Palliative Care at Home Linked To Greater Pain Relief, Regardless of Illness Interview with:

Dr Yousuf El Mokhallalati  MD, MPH and PhD candidate
Research Assistant, and PhD candidate
Academic Unit of Palliative Care
Leeds Institute of Health Sciences (LIHS)
University of Leeds
Leeds, UK  What is the background for this study?  What are the main findings?

Response: We examined the factors associated with good pain relief at before death, using data which was drawn from responses to the National Bereavement Survey (VOICES) in England between 2011 and 2015, which asked families or close relatives to reflect on the quality of care provided to a person who had died.

Just 10% of patients who died of a non-cancerous disease received palliative care at home, compared to 63% of cancer patients.

 The study revealed that people who accessed palliative care at home were 2.7 times more likely to have experienced good pain relief compared to those who did not receive palliative care.

The association between good pain relief and palliative care at home occurred regardless of the type of disease that patients had, but access to palliative care was not provided equally.

This research shows that palliative care is associated with significant benefits to people with every kind of progressive disease, but this is not reflected in the spread of people that are being offered palliative care.

The study also suggests that patients who had planned where they wanted to die are nearly twice as likely to experience good pain relief compared to those who had not, showing the value of planning ahead and coordinating the support of healthcare professionals.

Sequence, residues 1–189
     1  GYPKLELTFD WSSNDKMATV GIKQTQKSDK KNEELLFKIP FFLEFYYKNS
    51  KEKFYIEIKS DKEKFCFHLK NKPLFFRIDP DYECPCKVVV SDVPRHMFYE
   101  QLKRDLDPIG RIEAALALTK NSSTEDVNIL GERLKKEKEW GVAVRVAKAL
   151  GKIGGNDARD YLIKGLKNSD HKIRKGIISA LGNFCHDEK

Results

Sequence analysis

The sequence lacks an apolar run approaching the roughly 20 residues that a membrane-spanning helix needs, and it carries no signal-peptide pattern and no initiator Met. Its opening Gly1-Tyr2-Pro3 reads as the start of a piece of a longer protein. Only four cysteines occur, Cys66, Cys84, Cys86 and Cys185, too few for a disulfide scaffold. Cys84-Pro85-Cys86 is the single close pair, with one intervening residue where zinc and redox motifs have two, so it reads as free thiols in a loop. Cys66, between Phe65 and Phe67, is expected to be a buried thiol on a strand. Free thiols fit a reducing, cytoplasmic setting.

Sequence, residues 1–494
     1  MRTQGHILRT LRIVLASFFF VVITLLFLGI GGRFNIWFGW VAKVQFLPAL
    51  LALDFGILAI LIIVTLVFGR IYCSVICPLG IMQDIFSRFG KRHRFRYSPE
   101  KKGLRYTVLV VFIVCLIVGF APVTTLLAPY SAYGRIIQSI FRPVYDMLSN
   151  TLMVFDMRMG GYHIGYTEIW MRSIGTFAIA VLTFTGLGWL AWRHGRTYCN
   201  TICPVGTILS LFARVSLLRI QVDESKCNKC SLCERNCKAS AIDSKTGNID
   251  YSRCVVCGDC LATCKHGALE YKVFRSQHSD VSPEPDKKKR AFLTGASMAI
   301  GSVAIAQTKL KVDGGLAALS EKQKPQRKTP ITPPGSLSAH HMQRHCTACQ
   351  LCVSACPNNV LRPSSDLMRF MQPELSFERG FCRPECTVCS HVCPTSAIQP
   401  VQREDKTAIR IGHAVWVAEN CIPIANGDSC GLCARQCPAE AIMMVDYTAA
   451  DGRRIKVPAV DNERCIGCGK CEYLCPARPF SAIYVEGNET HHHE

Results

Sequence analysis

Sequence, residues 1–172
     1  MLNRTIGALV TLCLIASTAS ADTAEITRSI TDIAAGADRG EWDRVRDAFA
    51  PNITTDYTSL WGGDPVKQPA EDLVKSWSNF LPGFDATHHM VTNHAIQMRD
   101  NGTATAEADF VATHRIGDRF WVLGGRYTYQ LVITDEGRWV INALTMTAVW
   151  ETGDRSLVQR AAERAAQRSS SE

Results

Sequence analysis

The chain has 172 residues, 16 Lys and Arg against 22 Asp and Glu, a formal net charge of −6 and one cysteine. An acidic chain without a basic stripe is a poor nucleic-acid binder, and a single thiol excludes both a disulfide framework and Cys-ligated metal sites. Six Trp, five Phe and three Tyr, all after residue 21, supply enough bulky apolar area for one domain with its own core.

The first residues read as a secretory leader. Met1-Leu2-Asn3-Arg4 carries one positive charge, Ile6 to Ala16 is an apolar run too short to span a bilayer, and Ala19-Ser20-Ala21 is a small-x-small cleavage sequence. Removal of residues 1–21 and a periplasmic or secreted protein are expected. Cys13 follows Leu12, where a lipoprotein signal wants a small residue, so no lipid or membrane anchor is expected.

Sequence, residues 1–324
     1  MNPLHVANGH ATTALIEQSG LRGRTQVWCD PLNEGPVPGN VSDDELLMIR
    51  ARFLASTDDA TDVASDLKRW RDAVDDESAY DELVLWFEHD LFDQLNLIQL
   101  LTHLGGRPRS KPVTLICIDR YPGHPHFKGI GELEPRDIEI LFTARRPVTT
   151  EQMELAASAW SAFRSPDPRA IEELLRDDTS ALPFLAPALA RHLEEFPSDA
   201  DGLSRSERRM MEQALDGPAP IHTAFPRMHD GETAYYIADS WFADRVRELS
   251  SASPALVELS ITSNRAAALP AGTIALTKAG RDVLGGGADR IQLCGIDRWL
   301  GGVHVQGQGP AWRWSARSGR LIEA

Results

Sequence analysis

Only a quarter of patients were found to have recorded a preferred place of death. Cancer patients were nearly three times more likely to have a preference recorded compared to non-cancer patients (36.6% of cancer patients versus 13.1% of non-cancer patients). What should readers take away from your report?

Response: This is the largest study that shows a significant association between receiving specialist palliative care at home and improved pain relief within routine clinical services.We need to ensure that all people, whether they have cancer, heart or lung diseases, or any other life-limiting condition, are being offered appropriate support towards the end of their lives.

Policymakers should consider how to ensure improvements in pain management for patients at home through advice and support from community specialist palliative care services. What recommendations do you have for future research as a result of this work?

Response: Future research is needed to explore the reasons behind these variations. Is there anything else you would like to add? Any disclosures?

The study was observational and found an association between access to palliative care and pain relief, so it was unable to determine cause and effect.

It was conducted by researchers from the St Gemma’s Academic Unit of Palliative Care led by Mike Bennett, Professor of Palliative Medicine at the University of Leeds, which works in partnership with St Gemma’s Hospice in Leeds.

The study was funded by the National Institute for Health Research (NIHR).


Yousuf ElMokhallalati, Natalie Woodhouse, Tracey Farragher, Michael I. Bennett. Specialist palliative care support is associated with improved pain relief at home during the last 3 months of life in patients with advanced disease: analysis of 5-year data from the national survey of bereaved people (VOICES). BMC Medicine, 2019; 17 (1) DOI: 10.1186/s12916-019-1287-8

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